Service Sustainability: Let’s track and save
Sustainable and environmentally-responsible operations are emerging as an issue that will play a key role in planning and evaluation for years to come. Clickipedia referred to this a couple of times, most recently on the July 24, 2009 post titled “Managing field service sustainability”, asking readers whether they have a sustainability initiative in their organizations, and if so, what form does it take. We have already received some answers – please keep them coming!
It’s a good thing that Clickipedia is not alone on this: it wouldn’t be a very interesting subject if Clickipedia was the only place to focus attention on it. As you may imagine, extensive research and market analysis have been going on for quite a while. To mention just one example, Gartner published their report “IT Organizations Will Need Eight Technologies to Provide ‘Greener’ Services” back in 2007, citing “Field Technician Scheduling Optimization” at the top of their list. Since then, companies have started to think about how to systematically manage their sustainability initiatives. Last week, AMR Research’s “First Thing Monday” blog gave a snapshot of the current situation on their post “Sustainability Software: Forget Cap and Trade, Let’s Track and Save”, showing that there are still many challenges ahead. Still, the emergence of such roles as Chief Sustainability Officer (CSO), and the appointment of sustainability council, may indicate a better climate for sustainability in the future (weak pun intended…). The AMR post also mentions that we need to look beyond carbon and GHG (greenhouse gases), and suggests looking at water usage and conservation next – a great point, in my opinion.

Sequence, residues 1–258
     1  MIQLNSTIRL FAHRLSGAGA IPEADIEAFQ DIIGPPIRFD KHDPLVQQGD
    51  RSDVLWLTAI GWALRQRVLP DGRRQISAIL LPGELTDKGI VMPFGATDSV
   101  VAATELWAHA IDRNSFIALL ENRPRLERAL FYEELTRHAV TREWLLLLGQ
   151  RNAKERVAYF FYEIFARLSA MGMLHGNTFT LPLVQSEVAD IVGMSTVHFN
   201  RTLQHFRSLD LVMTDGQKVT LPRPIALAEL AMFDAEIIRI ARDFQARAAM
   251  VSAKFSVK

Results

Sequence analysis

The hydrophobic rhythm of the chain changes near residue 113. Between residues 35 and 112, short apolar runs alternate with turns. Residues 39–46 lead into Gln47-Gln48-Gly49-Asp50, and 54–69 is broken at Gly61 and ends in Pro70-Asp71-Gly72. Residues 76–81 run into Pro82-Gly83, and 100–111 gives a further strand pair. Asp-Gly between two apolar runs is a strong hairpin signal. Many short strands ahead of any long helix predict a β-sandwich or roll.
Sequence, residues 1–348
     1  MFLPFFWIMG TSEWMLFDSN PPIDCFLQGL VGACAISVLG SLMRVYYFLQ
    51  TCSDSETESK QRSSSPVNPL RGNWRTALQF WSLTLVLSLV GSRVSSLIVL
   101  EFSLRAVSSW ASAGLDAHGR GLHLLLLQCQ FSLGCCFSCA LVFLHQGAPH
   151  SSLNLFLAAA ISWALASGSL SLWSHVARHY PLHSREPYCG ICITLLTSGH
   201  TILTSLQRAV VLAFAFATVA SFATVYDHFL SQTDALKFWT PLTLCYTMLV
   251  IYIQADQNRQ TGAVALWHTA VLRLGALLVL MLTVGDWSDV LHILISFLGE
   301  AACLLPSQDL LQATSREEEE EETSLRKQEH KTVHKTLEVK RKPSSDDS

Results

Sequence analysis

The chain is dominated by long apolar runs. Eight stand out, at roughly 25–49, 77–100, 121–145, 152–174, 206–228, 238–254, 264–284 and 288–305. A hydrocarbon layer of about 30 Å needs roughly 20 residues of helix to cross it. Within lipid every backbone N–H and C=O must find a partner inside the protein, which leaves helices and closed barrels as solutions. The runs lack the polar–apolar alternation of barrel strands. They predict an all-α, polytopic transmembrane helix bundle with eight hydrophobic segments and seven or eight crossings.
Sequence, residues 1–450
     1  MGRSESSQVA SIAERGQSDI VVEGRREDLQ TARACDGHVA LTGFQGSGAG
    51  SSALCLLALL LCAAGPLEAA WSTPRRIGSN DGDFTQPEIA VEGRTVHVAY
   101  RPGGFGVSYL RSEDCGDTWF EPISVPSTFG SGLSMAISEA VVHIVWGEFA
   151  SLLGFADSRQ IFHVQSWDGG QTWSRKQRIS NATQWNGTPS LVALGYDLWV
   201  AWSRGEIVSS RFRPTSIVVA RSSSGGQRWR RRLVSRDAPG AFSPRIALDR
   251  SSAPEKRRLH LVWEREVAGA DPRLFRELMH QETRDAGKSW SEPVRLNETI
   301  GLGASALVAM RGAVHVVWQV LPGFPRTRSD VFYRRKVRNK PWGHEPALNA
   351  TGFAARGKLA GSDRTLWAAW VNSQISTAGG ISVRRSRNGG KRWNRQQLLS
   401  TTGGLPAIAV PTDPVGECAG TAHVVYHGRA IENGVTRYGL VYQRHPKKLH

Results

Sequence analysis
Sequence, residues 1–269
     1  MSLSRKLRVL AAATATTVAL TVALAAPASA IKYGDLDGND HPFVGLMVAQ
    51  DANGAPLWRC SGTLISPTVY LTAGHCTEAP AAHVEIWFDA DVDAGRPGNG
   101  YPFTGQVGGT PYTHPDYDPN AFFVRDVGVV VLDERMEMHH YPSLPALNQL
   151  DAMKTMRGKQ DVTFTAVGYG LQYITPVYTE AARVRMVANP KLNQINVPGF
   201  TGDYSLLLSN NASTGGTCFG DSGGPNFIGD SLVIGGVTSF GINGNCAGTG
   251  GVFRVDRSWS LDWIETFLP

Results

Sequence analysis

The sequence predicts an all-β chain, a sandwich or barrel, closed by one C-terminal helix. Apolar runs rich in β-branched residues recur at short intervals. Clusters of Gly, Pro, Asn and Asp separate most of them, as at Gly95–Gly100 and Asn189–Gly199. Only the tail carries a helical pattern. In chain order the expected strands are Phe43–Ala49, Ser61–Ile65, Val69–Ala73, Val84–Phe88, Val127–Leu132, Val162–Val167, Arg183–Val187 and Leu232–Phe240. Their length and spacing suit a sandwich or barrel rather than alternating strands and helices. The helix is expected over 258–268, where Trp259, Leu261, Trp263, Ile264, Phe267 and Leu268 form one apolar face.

Seems like the first challenge is measuring current environmental impact and establishing a baseline. The environmental benefits are clear. The business case is simple in principle, but it still needs quantification and assessment. Is “track and save”, in AMR’s words, on your agenda?
Categories:Field Service Management